I've been reading the reviews of this episode, and a lot of things about it in forums. I have to say, I really liked the entire premise and how things have been set up for the future.
Reid is a genius, yes, but he is also a person who had a lack of emotional support growing up. To add to that, he knows he has a risk of developing a mental illness, and sees in his work every day how such issues can play out in the worst way. I've always seen him as a caring and sensitive person, but awkward with his emotions. In this episode, I feel like we see this played out beautifully.
The build up regarding the headaches and Reid's thought process was really wonderful. He never mentions the headaches to the team, and remember he managed to hide his Dilaudid addiction for quite some time, so although people notice he is "off" at some points, he has masked things well enough to have them ignored. His "visions" are all, from what I could see, his brain reviewing what he has seen and attempting to make connections as usual... but with the pain and all, it seems like things are sluggish and odd to him, and he cannot really process anything in the way he is used to.
His mistake is in not talking about what he is experiencing. His fear that he might be considered "crazy" overshadows his intellect, which must tell him he should let others know he may be at risk or a risk to the team. Herein lies the fatal flaw of our hero... this episode illustrated Reid's belief that he is only worth something if he is perfect, and that he would be worthless if he showed a weakness. Considering that Hotch flew and worked in the field with a very painful inner ear injury, it's not surprising in many ways. But there is also the build up from Reid's story, showing that he is lost when coping with his own emotions, and is accustomed to being perfect and caring for himself, for fear of being thought inadequate or that it may be a sign of a worsening condition. In the end, he makes the connection and solves the case... but at what cost? His pain and difficulty lead him to make incredibly poor decisions. (Walking out of the house without telling anybody he thinks the house across the street has something to do with the case? Bad career move to say the least.) By denying his problems he is putting himself at risk, and also potentially his team members and the cases they work on. I agree his reaction to the doctor is upsetting and disturbing. But it was very well written and completely accurate. Many people would react with denial and panic if some sort of mental health issue is suggested as a cause for their problems. Reid has experience that shows him how frightening that can be, and a belief that he cannot allow his mind to show any "weakness." I worked in the mental health system for many years, and have seen psychologists and psychiatrists who have been unable to admit they have issues because of similar reasons. So, from here, what may happen? Do we wind up with another "plot hole" like Reid's addiction, where it is alluded to but never really seen through? Or will we see how Reid is called on his stuff, and forced to confront his own inner demons so he can finally cope with them and grow? Or, will he refuse to hear that call, and wind up in a situation like Elle, compromising himself so much that the boy genius becomes a very real liability to the team?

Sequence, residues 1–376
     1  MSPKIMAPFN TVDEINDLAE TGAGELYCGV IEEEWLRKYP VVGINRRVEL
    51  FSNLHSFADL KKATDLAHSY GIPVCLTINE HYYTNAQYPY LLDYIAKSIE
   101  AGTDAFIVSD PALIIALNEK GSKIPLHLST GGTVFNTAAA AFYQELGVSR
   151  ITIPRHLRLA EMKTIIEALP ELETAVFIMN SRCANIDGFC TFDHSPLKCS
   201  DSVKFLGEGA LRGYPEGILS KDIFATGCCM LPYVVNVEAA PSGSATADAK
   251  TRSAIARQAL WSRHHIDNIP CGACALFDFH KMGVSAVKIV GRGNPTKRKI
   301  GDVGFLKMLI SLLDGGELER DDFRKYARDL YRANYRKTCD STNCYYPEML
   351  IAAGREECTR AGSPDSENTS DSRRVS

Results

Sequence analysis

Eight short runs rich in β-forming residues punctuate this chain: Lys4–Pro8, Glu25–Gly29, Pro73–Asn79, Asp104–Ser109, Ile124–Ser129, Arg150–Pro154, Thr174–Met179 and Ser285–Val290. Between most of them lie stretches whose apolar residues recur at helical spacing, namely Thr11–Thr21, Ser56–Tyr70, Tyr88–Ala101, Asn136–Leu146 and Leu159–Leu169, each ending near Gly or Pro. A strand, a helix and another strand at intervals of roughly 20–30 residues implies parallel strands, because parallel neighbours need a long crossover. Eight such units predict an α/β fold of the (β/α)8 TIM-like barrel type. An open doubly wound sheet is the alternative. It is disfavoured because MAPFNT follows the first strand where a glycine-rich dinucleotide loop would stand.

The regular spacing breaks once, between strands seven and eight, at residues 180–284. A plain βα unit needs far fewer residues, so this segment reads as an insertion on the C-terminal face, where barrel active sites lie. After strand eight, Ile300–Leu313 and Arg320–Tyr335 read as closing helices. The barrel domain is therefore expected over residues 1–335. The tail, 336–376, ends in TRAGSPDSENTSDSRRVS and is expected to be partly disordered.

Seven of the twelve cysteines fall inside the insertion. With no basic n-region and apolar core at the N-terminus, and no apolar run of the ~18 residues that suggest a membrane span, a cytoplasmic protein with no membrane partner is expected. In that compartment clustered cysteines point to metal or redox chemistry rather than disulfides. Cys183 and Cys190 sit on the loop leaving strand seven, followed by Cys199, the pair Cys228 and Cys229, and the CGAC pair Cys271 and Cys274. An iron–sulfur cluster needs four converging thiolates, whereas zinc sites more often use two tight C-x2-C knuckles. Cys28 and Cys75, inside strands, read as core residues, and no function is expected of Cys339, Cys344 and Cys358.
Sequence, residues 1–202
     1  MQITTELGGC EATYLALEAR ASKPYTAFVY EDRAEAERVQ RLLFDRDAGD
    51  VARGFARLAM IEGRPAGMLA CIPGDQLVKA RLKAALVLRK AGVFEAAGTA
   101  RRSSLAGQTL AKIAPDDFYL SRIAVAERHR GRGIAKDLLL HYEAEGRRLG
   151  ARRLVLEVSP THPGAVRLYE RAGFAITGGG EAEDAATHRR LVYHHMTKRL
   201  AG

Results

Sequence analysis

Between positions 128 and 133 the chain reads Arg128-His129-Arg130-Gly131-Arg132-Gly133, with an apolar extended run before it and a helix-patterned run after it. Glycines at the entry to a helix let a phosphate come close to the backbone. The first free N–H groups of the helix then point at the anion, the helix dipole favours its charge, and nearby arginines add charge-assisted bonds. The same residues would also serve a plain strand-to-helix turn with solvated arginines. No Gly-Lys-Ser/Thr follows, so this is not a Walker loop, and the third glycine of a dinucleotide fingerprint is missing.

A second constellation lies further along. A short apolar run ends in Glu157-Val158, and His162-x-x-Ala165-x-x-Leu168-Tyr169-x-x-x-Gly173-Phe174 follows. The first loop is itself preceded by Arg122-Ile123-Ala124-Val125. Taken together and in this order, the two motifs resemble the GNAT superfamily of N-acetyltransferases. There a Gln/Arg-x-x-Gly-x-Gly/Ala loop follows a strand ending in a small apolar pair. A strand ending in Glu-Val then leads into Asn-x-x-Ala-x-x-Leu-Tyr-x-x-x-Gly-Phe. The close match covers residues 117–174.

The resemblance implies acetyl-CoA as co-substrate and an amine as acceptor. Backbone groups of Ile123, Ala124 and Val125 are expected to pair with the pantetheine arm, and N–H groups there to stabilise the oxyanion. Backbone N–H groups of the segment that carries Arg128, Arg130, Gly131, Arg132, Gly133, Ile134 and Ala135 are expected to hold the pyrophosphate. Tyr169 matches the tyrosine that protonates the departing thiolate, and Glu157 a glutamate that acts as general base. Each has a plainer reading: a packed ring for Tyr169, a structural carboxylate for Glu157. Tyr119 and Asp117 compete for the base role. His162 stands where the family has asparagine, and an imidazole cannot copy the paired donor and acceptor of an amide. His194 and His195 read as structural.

The mind boggles...